Rice’s examination of how we see light is actually very revealing. Last year, artist/reviewer Dave Hardy and I compared results after doing a colour test on-line where we had similar high scores compared what would be called the human ‘norm’. To see more colour hues is our advantage when painting. If you look at a blue sky, count the number of shades you see. If you see more than just a single blue, then you have greater sensitivity to hues. I go further than Rice, in that it isn’t just what wavelengths the eye absorbs and interprets but in how good the brain is in distinguishing what it sees.

Humans have very different levels of sensitivity to what their senses pick up but we’re only used to our own ‘normal’ and think other people are the same as ourselves. We only realise things are different when we compare our perceptions. The sensitivity of the experimenter, let alone any bias which as Rice points out we all have, has to be taken into account with any experiment and tests.

It’s rather interesting where Rice discusses how people used to accept gods doing natural effects, even the sun moving across the sky a lot easier than having to accept the Earth rotating around the sun shows a demonstration of conditioning. Further in, his description of how congregations are told by priest to clear their minds in the church as a demonstration of subtle brainwashing should stop and make you think.

I mean really think than accept blindly what you are told. That might seem contradictory as a lot of things about science isn’t always evident but there is so much you can prove by experimentation yourself. People are also still defined by labels and his example of how slaves were treated as property than human beings shows a lot about how society is so reluctant to change.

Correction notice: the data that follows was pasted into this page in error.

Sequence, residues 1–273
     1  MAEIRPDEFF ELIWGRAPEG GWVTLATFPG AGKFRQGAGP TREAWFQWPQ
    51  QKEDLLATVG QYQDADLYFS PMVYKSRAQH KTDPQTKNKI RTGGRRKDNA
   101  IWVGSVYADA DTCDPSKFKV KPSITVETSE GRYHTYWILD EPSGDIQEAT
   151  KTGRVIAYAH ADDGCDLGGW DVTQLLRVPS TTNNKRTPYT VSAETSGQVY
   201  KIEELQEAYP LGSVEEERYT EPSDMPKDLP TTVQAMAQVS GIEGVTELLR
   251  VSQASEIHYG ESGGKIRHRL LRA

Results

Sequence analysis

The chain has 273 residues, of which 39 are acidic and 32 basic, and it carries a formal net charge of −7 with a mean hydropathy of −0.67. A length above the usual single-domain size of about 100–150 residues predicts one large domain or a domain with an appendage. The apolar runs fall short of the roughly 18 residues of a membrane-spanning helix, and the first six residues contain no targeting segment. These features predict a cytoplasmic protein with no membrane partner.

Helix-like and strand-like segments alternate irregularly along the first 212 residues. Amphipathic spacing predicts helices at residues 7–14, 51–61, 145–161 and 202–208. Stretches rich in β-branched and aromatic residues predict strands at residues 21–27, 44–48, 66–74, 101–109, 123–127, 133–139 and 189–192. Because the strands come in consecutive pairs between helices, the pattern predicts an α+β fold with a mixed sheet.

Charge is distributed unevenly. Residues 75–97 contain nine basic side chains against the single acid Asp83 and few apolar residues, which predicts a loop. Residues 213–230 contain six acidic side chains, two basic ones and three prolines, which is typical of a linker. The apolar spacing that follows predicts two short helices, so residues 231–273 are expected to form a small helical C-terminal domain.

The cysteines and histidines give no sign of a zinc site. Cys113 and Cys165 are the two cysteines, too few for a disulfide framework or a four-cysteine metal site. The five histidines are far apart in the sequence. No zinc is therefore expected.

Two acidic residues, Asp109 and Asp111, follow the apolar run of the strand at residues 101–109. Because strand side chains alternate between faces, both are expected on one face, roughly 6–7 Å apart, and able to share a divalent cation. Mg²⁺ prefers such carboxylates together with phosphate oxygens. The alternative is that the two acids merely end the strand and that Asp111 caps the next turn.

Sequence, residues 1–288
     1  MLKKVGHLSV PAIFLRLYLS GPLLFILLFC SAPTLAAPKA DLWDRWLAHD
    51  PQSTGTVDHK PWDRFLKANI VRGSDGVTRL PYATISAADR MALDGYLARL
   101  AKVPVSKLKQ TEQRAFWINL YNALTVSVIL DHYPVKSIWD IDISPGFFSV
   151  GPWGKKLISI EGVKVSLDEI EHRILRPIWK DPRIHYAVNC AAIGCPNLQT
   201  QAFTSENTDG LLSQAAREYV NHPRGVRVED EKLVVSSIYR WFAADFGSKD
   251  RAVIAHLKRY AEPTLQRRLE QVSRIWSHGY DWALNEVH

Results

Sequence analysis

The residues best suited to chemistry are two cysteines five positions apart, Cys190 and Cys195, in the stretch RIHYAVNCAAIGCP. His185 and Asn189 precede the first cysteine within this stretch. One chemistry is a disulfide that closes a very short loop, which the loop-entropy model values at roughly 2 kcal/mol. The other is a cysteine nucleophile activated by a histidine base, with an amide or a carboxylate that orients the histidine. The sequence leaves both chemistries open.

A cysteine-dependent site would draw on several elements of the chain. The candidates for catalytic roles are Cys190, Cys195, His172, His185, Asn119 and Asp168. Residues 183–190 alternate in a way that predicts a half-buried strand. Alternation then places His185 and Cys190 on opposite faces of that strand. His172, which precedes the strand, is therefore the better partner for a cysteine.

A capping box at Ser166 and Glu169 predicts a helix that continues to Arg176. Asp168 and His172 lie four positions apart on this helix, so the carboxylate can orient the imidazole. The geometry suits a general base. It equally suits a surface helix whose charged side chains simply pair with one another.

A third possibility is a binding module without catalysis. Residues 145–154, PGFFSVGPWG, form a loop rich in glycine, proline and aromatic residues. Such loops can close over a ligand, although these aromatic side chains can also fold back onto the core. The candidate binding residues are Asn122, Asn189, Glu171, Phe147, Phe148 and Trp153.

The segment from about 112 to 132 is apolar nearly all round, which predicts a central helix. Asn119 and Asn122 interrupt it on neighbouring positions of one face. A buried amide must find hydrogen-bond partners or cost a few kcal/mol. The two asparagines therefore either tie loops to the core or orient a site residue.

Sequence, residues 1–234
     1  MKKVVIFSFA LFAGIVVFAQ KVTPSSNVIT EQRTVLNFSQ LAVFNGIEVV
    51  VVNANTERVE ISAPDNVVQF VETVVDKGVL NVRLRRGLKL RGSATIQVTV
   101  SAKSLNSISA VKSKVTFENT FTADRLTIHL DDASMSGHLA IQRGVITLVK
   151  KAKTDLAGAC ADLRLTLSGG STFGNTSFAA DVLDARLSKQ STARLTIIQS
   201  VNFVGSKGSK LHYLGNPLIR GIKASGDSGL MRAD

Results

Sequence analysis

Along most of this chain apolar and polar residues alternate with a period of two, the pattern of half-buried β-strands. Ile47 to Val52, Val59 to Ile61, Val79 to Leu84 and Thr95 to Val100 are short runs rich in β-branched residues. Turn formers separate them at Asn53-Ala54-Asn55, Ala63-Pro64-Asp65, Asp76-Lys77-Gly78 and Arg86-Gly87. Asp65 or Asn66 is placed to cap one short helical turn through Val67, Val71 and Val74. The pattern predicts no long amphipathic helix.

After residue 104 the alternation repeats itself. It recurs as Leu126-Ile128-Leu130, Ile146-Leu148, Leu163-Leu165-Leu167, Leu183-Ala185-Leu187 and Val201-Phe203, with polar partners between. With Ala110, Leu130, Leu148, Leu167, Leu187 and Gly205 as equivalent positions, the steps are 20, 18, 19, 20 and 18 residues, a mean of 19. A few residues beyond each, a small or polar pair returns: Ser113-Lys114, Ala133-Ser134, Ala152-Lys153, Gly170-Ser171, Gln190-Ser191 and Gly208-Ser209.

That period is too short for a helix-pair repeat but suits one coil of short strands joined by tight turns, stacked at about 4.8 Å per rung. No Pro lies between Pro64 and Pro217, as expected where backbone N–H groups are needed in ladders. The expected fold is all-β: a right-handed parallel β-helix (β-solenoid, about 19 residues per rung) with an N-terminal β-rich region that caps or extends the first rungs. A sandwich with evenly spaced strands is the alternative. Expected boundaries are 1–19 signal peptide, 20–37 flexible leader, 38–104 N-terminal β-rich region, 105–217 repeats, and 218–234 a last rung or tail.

Don’t think all of this is straightforward as Rice discusses pseudoscience and how these people use some of scientific rules but without proper research and experimentation and just how much shaky ground they are on. Hardly surprising that this is on the same level as religion where you are told what to believe than allowed to question it. You mind is cleared, remember.

With science, a working hypothesis can be changed if new evidence comes up. Some things, like natural selection and evolution are less likely to change simply because there is so much evidence of proof to back it up. A lot of hypothesises develop when the jigsaw of information isn’t complete. There is also a lot of scientific knowledge that is indisputable.

Although Rice points out American politicians who seem to ignore science, I wish he had explored why they stayed that way. Is it a failure in education or religious attitudes or something else in play here? It’s hardly surprising that political leaders world-wide are seen to attend church which acts as reinforcement to such ideals than scientific thought. That in itself is weird, granted that in the western world the number of people supporting major religions has declining numbers. Oddly, it isn’t because the populations are getting more scientifically orientated but more to do with different needs for their time.

As you can tell by the length of this review, I have a lot to say. Much of the above is agreeing and adding my two pennyworth but only because on some of the subjects I can go into more depth with my own knowledge. Being able to think scientifically is handy. My ability to converse with anyone even more so. This book is about how to have a scientific mindset and if you come away with that working for you then Stanley Rice would have done a good job. Who knows, you might look at science books in a new light.

GF Willmetts

December 2018

(pub: Prometheus Books. 271 page small hardback. Price: $25.00 (US), $26.50 (CAN), £20.02 (UK). ISBN: 978-1-63388-470-0. Ebook: Price: $11.99 (US), $13.99 (CAN). ISBN: 978-1-63388-471-7)